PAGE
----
Oh yes, you’re reading correctly. That was my thinking last week while sitting in a warm, crowded neurology waiting room in a hospital that was advertised as closed to ill visitors of hospital patients. At least, that’s what posters on the entrance said, ‘No can do peeps, if you’re ill, you have to stay away’ (that kind of defeats the purpose of a hospital, right?). Reason: the winter vomiting bug, otherwise called the Norovirus.
While watching people walking in and out, and talking to another patient, an unknown, small entity entered the waiting room in a red pram. You know the type, tree wheels, and as red as a Ferrari Formula 1 vehicle for mature, adult babies. I saw that Little Schumi was cute, and was introduced to his very strong vocal range when not hurling coughing and sneezing microorganisms in all directions.
Perhaps more of a rock star than a F1 pilot, I gathered that dad would rather see him behind the wheel. Another sneeze came my way as the distance between the little fella and the ultimate destination of his bacilli was less than three feet between his tiny nose and my adult nose. Yes, that nose, that sniffling thing attached to an immune-compromised body that happens to be owned by myself.
The first thing that popped up in my mind was, ‘How far do baby germs fly?’
I agree with my lateral sort of thinking in this case. Wondering how far people’s sneezes fly is usually not something I occupy myself with, unless of course when I’m sitting in warm surroundings where endemic bugs tend to live, waiting to find a two-legged host.
The second thing I thought was, ‘Why does this wee creature and his Formula One vehicle not fit in that same ten-year-old image of a room where normal and electric wheelchair users, carers and other neurologically compromised adults like myself, always have to squeeze into upon arrival?’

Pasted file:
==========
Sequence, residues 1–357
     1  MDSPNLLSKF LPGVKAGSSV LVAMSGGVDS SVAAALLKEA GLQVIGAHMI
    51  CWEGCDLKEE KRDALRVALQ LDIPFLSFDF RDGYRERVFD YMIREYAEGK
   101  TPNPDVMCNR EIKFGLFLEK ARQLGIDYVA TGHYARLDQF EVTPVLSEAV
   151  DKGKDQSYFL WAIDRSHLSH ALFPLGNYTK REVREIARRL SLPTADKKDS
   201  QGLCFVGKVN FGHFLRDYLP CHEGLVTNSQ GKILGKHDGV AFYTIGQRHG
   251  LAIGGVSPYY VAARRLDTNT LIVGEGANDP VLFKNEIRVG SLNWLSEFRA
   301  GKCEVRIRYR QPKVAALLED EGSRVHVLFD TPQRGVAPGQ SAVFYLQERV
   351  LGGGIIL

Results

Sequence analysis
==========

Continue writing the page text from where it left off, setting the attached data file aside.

Then a light went off, there was never a pram, a baby, parents and grandparents all in the same party, especially since a) it’s a small waiting room, b) it’s not the kind of place where people just get into family-like conversations and c) you just want to have a few moments of peace before being seen by an all-knowing person with ginormous brain activity.’
Now less than two feet away, the wee one was damn cute, but also carrying bits and pieces I didn’t want hurled my way. ‘Moi,’ as Miss Piggy would say, ‘Moi, immune-do-be-do-be-dooo! Superbug!’
No joking, as far as I am concerned, any kind of bacteria or virus is an enemy of the state, Osama-Bin-Laden-times-one-hundred. There’s only one time people should look death in the eye in their life, and it’s at age 90, having lived a full life and having conquered themselves. Not at age 35, or 41.
There’s also… well… People should never have to point on a chart what their hmm… bowel results looks like every couple of hours, by picking any number between 1 and erm… well, yes, 10. You get the idea.
If C. Diff is hunting me down again because of hospital-transferable-bugs, I’m emigrating to the South Pole, where I won’t be able to catch bacteria or other opportunistic viruses. Also, there is no way I will ever put my finger on a poo-poo-chart again. Ever!
Either way, my question is if a hospital advertises that the Norovirus is present within its walls, why people want to bring a tiny baby – including grandmother and grandfather, to a small, warm waiting room filled with people with wonky immune systems. Space constraints aside, it still puzzles me, since grandma and granddad were present also.
Not to forget, a bright red pram looking like a Formula 1 car.
The obvious answers would be having another hospital appointment; wanting to show the parents the hospital surroundings; the mother being afraid of the neurologist’s words… I suppose I’ve seen inside out how quickly hospital bugs can spread and worse, how quickly a superbug grew within me, and how rejecting a phone call from my mom could have been the last phone call between us.
But what can I say? I was thinking of the velocity of germs, and it turns out that “coughs force out thousands of tiny droplets of saliva. About 3,000 droplets are expelled in a single cough, and some of them fly out of the mouth at speeds of up to 50 miles per hour.
Sneezing is even worse. It starts at the back of the throat and produces even more droplets — as many as 40,000 — some of which rocket out at speeds greater than 200 miles per hour. The vast majority of the droplets are less than 100 microns across — the width of a human hair. Many of them are so tiny that they cannot be seen with the naked eye.
If a person is sick, the droplets in a single cough may contain as many as two hundred million individual virus particles. The number varies dramatically and changes over the course of an infection as the immune system clears out the virus. Generally, a sick person is most infectious as soon as the first symptoms appear and less infectious as his or her immune system clears the virus.”
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